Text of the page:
Good article, but a little off
You make it sound like those in the MPEG-LA H.264 patent pool are getting rich on licenses. Even if there are millions in income from licensing each year, look at how many members are in the pool. Then look at those members' revenues. If Apple made $1 million a year from its membership in the patent pool, they would hardly notice, or care. Smaller shops might benefit from licensing fees, but companies like Apple and Microsoft aren't looking to get rich on codec licenses.
The reason Apple and Microsoft and others promote H.264 is because they fear patent litigation. It is much more costly to fight a long, drawn out patent battle once they start earning revenues from the codec when they can spend a couple million a year on licenses and have peace of mind. Just imagine how terrified Apple would be if they used an "open" codec for iTunes and then, after billions of videos had been sold, some patent troll took them to court. The cost might be enormous. It's much easier to just pay the licensing costs and avoid the headache. They just want legal clarity. That's it.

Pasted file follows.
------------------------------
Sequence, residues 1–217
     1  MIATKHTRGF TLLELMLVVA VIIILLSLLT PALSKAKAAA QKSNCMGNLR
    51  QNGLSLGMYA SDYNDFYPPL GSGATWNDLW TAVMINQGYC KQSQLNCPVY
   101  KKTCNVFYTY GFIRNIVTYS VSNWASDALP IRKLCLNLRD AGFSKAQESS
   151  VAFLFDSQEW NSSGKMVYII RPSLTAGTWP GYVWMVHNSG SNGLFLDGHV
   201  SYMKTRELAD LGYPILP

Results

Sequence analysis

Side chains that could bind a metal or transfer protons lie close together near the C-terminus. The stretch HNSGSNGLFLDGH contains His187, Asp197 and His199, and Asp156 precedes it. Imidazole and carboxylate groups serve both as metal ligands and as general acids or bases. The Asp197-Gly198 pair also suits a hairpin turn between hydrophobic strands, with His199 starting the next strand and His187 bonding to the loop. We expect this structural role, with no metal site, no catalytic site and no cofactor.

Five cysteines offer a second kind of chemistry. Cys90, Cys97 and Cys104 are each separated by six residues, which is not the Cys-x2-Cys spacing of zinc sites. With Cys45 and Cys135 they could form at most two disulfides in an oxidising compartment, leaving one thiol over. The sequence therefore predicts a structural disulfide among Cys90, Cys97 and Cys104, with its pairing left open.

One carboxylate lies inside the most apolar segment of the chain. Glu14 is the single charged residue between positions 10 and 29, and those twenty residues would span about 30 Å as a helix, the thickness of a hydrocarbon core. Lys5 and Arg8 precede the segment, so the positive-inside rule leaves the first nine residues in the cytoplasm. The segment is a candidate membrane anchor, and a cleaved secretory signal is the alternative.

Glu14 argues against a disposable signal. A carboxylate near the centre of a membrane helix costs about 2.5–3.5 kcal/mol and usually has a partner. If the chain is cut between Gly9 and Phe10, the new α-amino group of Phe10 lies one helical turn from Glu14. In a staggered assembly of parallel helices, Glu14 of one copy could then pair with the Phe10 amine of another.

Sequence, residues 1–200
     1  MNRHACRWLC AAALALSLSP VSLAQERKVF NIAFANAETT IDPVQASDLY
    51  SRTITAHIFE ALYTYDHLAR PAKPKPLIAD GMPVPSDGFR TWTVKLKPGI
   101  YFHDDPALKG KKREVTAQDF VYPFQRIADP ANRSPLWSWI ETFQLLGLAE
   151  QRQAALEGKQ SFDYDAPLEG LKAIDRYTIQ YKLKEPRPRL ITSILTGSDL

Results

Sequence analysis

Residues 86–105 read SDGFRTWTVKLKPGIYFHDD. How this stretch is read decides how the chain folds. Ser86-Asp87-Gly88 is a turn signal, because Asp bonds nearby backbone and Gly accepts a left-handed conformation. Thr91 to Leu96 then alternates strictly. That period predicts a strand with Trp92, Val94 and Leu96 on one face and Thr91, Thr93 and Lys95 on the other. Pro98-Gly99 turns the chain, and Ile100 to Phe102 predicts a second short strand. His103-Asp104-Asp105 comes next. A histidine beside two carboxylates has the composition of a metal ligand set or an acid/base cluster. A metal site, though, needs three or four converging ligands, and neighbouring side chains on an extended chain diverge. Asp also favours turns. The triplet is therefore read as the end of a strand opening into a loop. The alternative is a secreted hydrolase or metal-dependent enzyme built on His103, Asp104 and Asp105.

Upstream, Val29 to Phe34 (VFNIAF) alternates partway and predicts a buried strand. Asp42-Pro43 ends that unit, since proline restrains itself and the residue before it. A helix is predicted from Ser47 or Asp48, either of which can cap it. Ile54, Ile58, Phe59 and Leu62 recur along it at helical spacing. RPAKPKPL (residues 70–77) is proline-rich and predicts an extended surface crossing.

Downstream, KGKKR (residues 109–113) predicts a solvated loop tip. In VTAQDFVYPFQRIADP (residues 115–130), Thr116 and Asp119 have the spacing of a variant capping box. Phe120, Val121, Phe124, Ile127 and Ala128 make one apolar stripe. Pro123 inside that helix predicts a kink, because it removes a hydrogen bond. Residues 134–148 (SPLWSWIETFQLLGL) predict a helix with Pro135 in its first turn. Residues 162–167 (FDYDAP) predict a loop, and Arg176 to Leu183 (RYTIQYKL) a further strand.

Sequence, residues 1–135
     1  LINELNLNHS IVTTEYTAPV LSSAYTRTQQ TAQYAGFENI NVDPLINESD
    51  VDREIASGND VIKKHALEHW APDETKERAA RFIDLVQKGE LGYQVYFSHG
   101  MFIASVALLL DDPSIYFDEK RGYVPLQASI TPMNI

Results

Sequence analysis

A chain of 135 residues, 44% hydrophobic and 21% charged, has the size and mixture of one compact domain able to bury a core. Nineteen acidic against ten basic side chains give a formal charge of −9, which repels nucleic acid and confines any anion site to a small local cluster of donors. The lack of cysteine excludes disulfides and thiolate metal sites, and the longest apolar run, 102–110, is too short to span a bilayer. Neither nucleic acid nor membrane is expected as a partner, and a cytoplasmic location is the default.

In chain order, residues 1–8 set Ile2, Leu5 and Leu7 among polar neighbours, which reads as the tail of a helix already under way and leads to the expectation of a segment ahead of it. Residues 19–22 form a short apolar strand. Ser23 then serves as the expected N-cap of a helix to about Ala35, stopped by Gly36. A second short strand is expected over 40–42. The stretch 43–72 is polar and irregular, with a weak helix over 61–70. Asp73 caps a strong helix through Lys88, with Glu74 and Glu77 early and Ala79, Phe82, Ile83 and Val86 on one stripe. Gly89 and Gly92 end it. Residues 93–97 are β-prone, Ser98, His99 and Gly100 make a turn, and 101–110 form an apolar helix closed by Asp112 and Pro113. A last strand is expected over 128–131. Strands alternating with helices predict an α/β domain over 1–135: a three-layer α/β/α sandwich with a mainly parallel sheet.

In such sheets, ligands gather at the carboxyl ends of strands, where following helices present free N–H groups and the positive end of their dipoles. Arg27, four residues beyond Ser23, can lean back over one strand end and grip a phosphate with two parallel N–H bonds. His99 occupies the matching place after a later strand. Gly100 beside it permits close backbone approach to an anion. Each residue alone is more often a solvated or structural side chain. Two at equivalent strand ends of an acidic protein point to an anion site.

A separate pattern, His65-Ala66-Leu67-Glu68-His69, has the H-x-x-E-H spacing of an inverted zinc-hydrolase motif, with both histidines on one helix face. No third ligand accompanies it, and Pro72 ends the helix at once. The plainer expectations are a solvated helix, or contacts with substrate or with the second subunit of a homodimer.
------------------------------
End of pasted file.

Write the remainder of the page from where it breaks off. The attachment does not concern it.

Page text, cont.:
And the only reason the open source community opposes H.264 is not because of some idealistic vision of "freedom" but because they don't want to pay any licensing costs to produce open source software that does H.264 encoding/decoding. I agree that the patent system in the U.S. is ridiculous and should be revised, but this is not a battle of good versus evil. It's a simple game of economic stakes. Big companies stand to lose much more in patent litigation than do open source advocates, who are likely to use the codec without paying royalties anyway.